What is Convergent and Divergent Thinking?
Convergent and divergent thinking are valuable tools in the classroom, but the concept didn’t start in the classroom. It started in the discipline of psychology. The terms convergent and divergent thinking came from American psychologist JP Guilford in the 1950s. Guilford's theory of the structure of human intellect identified three factors of intelligence that help define a person’s overall intellectual ability. The three factors (or dimensions) of intelligence are operations, content, and products.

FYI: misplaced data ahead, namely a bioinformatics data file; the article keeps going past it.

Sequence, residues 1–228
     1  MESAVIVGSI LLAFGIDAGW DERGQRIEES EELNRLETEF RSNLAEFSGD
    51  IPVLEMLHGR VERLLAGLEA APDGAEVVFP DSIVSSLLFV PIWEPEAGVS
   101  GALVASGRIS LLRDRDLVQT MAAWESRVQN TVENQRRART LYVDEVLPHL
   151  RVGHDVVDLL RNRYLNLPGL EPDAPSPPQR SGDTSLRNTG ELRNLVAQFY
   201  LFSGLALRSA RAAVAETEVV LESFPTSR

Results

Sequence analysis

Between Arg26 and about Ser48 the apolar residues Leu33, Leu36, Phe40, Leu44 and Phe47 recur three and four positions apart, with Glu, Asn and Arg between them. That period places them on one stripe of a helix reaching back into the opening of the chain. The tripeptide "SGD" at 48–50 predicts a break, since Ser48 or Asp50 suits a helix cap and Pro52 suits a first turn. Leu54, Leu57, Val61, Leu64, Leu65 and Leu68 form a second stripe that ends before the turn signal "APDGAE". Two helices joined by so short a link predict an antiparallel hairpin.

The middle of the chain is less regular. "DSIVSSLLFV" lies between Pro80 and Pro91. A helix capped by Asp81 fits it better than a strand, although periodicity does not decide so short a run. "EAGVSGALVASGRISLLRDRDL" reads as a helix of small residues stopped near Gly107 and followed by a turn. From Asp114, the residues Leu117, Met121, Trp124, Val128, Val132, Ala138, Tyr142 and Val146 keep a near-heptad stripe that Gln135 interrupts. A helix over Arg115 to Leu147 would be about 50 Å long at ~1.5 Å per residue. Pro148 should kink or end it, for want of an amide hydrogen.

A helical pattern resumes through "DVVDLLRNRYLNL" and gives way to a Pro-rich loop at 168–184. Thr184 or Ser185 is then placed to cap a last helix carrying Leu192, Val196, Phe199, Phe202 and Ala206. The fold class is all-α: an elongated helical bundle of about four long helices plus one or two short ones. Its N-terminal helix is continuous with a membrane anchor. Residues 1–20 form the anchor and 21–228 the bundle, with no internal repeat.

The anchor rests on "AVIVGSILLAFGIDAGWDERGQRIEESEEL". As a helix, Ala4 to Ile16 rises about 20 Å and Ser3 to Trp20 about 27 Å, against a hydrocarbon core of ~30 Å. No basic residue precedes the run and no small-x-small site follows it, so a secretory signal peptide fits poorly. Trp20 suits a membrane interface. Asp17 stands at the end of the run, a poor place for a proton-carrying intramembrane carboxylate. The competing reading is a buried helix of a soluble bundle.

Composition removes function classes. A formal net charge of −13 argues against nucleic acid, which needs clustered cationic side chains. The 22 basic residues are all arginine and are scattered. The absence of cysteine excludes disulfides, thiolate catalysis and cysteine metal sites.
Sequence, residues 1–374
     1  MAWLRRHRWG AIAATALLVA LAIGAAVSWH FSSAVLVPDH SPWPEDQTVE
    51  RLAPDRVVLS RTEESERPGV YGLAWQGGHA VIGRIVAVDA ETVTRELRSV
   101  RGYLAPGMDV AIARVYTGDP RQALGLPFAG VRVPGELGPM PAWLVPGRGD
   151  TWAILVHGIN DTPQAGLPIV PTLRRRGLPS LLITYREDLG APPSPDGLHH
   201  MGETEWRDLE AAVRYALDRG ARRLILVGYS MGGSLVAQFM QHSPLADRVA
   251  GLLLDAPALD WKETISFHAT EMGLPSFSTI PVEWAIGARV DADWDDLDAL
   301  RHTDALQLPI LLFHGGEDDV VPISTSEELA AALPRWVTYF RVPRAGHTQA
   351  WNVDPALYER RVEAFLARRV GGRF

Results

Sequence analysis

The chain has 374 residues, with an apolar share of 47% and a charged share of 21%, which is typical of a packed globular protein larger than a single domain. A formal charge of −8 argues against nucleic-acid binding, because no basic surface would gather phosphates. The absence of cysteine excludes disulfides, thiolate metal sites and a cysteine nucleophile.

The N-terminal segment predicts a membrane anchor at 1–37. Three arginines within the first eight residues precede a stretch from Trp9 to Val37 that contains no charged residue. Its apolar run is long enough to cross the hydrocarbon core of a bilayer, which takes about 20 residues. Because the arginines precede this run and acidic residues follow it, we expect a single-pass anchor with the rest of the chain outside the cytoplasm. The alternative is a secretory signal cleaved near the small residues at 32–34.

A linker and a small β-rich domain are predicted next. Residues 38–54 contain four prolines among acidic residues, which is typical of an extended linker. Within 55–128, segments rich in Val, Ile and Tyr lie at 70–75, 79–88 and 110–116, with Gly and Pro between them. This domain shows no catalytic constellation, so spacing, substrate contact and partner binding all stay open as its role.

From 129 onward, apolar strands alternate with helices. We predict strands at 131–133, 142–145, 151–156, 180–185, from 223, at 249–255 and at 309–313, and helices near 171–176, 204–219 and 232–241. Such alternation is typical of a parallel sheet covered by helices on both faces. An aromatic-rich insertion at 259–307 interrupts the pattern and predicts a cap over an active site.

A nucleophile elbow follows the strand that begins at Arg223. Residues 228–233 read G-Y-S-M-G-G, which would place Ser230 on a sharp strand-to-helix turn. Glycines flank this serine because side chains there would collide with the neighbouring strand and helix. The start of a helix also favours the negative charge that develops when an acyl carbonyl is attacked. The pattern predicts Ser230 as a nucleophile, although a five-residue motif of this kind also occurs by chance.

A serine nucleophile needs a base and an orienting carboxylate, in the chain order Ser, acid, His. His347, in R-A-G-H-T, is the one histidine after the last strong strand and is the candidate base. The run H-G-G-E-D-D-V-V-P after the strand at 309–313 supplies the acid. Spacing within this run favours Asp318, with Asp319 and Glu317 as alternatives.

The terms convergent and divergent thinking are derived from the original five kinds of operations (or intellectual processes) within the operations dimension of intelligence developed by Guilford: Convergent production (now called convergent thinking) means taking pieces of information to arrive at a single solution. Norman Webb developed a hierarchy of cognitive complexity when it comes to performing assessments. According to Webb, information falls within four distinct depths of knowledge (DoK) or levels of cognitive complexity that students should know: Since convergent thinking primarily deals with arriving at a single possible response to a solution, you can expect assessments (in PA the PSAA or in HI the EOC) asking questions requiring convergent thinking to focus on the first (or second) DoK level. Determining the correct answer to a multiple-choice question is a primary example of convergent thinking because it requires students to focus on recalling information or a specific skill/concept. Multiple-choice questions require students to examine the accuracy of all response choices before selecting the one which best provides a plausible solution to the problem. These types of questions require limited skills and virtually no creativity to arrive at a plausible response. Study tools used to foster convergent thinking are memorization techniques (i.e., mnemonic devices), flash cards, and practice drill questions. Convergent thinking involves taking pieces to create the whole, which means students take concepts and materials from a variety of sources to formulate a single response. There is no room for exploring other possibilities because the pieces that lead to the single response will guide the students only one plausible solution. Therefore, learning occurs in a direct path because students are being guided to arrive at a definite, single answer. In contrast, divergent thinking gives students a prompt that allows students to use critical thinking skills to generate possible responses. It promotes risk-taking in the classroom, which allows for more flexibility in the classroom because it allows students to use their imagination. For example, a classroom environment that teaches divergent thinking will be one that encourages imaginary play and a variety of projects that promote creativity. The types of questions that are created when promoting divergent thinking will be focused on prompts that act as guiding questions to generate open-ended responses. These responses will focus on students operating within the third (or fourth) DoK. For example, instead of giving students a multiple-choice test on the US Civil War, students can be given an essay question that allows them to explore a variety of factors that lead to the US Civil War. Now, students can explore information that may not have been in their textbook to help formulate plausible responses to the problem. Therefore, using an essay test on the US Civil War in lieu of a multiple-choice test allows students to ponder answers they may not have considered if given a test requiring only one correct response or mere recall of textbook information. This is because the essay topic encourages students to analyse all information they have gathered on the US Civil War—from the textbook and other experiences—to formulate their own possible responses.